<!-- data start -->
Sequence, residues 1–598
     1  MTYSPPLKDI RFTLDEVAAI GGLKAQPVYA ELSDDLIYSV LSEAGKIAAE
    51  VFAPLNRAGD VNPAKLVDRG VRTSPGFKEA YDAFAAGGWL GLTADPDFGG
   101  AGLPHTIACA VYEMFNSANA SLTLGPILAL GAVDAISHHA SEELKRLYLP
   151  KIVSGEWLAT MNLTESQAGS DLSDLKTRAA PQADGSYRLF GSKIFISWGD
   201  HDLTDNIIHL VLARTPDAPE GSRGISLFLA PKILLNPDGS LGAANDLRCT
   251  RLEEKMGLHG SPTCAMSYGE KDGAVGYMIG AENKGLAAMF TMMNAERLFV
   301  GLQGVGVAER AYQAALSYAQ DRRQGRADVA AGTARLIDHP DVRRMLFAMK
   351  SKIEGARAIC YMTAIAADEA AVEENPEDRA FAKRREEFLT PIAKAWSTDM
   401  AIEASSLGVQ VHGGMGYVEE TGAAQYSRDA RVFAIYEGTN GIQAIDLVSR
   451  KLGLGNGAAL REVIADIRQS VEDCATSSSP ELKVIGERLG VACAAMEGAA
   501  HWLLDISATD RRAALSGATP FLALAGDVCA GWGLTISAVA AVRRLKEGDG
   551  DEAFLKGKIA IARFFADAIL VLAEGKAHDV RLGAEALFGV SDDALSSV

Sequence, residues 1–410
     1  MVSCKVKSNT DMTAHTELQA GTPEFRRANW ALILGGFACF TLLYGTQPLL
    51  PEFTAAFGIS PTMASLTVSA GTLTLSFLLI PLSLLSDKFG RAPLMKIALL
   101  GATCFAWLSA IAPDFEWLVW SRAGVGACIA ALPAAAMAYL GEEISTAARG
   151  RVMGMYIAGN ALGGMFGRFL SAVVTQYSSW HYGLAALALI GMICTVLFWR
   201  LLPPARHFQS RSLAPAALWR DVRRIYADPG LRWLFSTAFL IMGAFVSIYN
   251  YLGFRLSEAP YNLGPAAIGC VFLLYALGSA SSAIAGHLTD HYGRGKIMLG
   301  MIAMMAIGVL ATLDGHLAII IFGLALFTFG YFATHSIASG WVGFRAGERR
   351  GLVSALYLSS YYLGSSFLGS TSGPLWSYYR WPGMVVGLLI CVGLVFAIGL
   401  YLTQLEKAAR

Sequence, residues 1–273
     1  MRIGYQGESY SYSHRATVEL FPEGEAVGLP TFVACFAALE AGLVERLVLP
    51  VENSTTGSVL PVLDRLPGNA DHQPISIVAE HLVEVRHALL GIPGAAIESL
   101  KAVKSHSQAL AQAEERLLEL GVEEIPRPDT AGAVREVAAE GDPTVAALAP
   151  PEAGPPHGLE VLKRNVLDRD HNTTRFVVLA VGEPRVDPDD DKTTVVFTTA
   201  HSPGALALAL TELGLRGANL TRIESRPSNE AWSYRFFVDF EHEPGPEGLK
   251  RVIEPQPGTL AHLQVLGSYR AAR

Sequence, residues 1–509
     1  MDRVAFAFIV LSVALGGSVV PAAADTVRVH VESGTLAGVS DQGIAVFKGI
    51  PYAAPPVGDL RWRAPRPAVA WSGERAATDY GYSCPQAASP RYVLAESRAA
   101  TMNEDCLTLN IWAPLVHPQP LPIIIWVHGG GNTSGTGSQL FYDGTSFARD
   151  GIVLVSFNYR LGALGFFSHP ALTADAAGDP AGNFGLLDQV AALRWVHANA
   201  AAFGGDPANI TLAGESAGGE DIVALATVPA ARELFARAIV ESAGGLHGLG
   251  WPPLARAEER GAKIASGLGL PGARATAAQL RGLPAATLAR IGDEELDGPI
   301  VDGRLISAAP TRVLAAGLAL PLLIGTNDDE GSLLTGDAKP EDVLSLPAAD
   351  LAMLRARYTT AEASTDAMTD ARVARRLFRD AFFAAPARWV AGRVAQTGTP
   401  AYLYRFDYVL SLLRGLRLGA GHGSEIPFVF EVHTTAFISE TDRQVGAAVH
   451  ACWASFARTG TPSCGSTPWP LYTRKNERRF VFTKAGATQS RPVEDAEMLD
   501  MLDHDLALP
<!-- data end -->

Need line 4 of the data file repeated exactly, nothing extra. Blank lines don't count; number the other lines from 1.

   101  AGLPHTIACA VYEMFNSANA SLTLGPILAL GAVDAISHHA SEELKRLYLP